As we move to¬† a pervasive, constantly connected state – and isn’t mobile just another word for everywhere – what does this mean for us as a whole? We’re already struggling for a work-life balance – and stresses are showing at the margins already. People are overwhelmed, unable to keep up and give up. These people are the new impoverished. Impoverished in the sense that they can’t control, manage and then articulate themselves in an information-rich environment. Will this mean a backlash? What will people do?

One thing might be that people create areas of their lives that are unavailable to networks – in essence a “safe room” or along the lines of a sensory deprivation tank. I can see this being something that futuristic home builders might already be working on; a bedroom where no wireless or cellphone network can access. Where else would you want this? Anywhere your privacy might be important. We’ve seen what happens when two people in a relationship at distance will do to show their love (lust), and then later embarrass the other in a revenge plot. Emotions can get in the way. I see the Japanese inventing private hotels, much like the love hotels they have now to service young couples who have no privacy at home.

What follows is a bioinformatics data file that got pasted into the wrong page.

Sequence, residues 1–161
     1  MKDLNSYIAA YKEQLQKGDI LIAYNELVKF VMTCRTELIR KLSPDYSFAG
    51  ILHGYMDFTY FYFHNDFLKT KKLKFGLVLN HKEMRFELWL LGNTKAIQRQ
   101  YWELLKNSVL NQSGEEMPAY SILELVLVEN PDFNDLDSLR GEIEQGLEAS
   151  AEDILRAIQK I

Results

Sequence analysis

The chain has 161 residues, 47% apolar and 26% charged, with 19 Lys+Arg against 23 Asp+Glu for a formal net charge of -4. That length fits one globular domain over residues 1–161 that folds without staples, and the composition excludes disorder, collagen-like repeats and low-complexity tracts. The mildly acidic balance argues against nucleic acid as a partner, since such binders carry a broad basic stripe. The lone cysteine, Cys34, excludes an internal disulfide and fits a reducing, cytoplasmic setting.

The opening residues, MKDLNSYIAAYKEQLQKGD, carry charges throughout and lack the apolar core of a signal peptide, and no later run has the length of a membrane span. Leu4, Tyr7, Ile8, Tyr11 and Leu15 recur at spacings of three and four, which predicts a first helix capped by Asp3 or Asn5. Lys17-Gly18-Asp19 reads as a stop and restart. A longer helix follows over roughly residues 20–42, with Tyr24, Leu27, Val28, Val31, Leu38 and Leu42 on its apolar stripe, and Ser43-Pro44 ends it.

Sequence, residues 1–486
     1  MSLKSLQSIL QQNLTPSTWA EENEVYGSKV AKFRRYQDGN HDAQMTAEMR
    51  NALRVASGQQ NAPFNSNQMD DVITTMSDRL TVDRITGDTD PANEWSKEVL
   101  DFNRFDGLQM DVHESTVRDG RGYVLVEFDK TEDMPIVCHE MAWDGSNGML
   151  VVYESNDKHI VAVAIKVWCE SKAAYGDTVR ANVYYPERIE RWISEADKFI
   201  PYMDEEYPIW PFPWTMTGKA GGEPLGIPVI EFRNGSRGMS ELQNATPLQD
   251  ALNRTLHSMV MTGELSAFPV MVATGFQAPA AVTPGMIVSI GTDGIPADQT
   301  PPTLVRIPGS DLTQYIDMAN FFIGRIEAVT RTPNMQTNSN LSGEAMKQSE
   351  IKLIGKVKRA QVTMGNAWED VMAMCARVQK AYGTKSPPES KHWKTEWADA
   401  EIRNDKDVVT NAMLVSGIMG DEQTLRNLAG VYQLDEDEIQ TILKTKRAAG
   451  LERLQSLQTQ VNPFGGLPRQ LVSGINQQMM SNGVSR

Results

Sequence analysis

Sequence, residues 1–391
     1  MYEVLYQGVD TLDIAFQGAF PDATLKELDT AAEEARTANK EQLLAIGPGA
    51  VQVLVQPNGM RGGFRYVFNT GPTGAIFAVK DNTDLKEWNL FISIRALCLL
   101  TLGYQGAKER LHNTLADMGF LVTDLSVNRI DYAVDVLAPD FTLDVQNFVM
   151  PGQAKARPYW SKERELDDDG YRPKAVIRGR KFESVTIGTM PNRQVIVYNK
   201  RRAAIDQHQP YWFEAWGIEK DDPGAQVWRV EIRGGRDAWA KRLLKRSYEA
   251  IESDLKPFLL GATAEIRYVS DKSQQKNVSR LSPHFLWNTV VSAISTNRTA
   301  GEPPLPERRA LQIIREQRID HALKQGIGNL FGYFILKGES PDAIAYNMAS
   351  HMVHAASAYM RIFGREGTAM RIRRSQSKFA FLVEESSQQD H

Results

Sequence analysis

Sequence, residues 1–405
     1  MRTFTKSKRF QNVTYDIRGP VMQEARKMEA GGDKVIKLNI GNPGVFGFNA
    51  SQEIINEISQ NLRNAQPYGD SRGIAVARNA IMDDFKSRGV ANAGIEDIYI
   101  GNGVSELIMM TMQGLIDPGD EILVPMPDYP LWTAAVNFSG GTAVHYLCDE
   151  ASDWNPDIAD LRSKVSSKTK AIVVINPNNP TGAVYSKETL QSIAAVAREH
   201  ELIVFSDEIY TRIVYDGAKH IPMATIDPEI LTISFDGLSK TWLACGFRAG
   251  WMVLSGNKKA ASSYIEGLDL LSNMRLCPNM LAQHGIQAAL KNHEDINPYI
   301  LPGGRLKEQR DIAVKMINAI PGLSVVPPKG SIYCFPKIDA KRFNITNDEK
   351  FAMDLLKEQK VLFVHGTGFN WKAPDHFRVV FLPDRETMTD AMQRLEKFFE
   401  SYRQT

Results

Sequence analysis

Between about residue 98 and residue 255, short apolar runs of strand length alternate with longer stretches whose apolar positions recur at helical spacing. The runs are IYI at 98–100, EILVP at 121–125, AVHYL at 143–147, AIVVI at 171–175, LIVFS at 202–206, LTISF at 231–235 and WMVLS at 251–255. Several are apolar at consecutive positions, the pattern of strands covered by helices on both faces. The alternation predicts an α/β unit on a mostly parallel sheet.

As we see the Internet of things evolve, we’ll need these sorts of strategies to allow maybe our fridge, stove and phone to talk, but not our fridge and furnace. And this opens hackers to having a real effect on human lives – if we trust devices to tell us we’re out of milk – does that mean a hacker could get us to buy two dozen bags of milk because they spoof a message from the fridge? Brings a whole new meaning to “your fridge is running… you better go catch it”.

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